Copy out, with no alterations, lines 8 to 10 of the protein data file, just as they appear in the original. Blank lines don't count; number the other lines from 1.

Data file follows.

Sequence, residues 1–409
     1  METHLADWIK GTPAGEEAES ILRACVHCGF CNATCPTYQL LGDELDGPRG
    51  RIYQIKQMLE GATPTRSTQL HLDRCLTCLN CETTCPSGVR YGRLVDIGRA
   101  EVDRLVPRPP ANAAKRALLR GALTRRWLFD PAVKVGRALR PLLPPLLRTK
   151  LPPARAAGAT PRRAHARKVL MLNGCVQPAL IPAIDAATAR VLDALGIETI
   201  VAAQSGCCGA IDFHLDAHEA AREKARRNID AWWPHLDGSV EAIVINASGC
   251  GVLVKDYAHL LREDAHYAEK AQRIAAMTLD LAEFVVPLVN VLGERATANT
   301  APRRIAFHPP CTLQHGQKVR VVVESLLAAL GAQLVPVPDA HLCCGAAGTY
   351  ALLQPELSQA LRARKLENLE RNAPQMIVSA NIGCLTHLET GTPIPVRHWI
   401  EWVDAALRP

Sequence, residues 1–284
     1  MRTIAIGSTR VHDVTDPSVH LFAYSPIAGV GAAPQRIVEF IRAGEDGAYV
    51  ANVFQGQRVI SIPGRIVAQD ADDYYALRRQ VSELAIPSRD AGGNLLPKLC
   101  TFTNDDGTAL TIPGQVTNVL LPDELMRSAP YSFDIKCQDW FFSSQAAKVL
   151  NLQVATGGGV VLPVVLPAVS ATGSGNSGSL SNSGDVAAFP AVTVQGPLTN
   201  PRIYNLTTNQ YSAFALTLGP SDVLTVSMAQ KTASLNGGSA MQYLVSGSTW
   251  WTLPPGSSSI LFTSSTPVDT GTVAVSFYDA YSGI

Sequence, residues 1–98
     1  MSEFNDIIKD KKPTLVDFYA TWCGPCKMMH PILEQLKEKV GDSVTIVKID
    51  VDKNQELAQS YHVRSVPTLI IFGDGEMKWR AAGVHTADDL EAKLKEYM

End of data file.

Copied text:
   301  APRRIAFHPP CTLQHGQKVR VVVESLLAAL GAQLVPVPDA HLCCGAAGTY
   351  ALLQPELSQA LRARKLENLE RNAPQMIVSA NIGCLTHLET GTPIPVRHWI
   401  EWVDAALRP